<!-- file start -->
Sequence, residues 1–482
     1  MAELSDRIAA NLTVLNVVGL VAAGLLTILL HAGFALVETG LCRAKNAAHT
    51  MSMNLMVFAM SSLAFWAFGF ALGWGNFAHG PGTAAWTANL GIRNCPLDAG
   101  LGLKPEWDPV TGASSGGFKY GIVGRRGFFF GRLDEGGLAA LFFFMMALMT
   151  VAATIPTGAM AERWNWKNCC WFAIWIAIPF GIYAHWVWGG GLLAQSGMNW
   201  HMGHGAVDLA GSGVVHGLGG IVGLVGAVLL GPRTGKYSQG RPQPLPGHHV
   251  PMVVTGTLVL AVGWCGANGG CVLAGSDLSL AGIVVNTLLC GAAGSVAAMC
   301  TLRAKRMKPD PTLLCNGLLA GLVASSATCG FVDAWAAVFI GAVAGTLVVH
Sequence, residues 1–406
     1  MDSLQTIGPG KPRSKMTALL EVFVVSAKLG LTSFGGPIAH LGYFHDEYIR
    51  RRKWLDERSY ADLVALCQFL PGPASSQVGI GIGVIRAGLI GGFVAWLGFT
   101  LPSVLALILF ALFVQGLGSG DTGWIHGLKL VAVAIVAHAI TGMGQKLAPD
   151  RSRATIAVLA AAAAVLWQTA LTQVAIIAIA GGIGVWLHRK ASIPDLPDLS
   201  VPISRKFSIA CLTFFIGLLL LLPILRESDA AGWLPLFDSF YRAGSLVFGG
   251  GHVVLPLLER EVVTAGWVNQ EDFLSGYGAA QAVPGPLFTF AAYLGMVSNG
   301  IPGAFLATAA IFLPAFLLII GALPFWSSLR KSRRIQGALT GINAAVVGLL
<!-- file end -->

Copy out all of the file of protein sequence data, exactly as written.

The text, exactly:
Sequence, residues 1–482
     1  MAELSDRIAA NLTVLNVVGL VAAGLLTILL HAGFALVETG LCRAKNAAHT
    51  MSMNLMVFAM SSLAFWAFGF ALGWGNFAHG PGTAAWTANL GIRNCPLDAG
   101  LGLKPEWDPV TGASSGGFKY GIVGRRGFFF GRLDEGGLAA LFFFMMALMT
   151  VAATIPTGAM AERWNWKNCC WFAIWIAIPF GIYAHWVWGG GLLAQSGMNW
   201  HMGHGAVDLA GSGVVHGLGG IVGLVGAVLL GPRTGKYSQG RPQPLPGHHV
   251  PMVVTGTLVL AVGWCGANGG CVLAGSDLSL AGIVVNTLLC GAAGSVAAMC
   301  TLRAKRMKPD PTLLCNGLLA GLVASSATCG FVDAWAAVFI GAVAGTLVVH
Sequence, residues 1–406
     1  MDSLQTIGPG KPRSKMTALL EVFVVSAKLG LTSFGGPIAH LGYFHDEYIR
    51  RRKWLDERSY ADLVALCQFL PGPASSQVGI GIGVIRAGLI GGFVAWLGFT
   101  LPSVLALILF ALFVQGLGSG DTGWIHGLKL VAVAIVAHAI TGMGQKLAPD
   151  RSRATIAVLA AAAAVLWQTA LTQVAIIAIA GGIGVWLHRK ASIPDLPDLS
   201  VPISRKFSIA CLTFFIGLLL LLPILRESDA AGWLPLFDSF YRAGSLVFGG
   251  GHVVLPLLER EVVTAGWVNQ EDFLSGYGAA QAVPGPLFTF AAYLGMVSNG
   301  IPGAFLATAA IFLPAFLLII GALPFWSSLR KSRRIQGALT GINAAVVGLL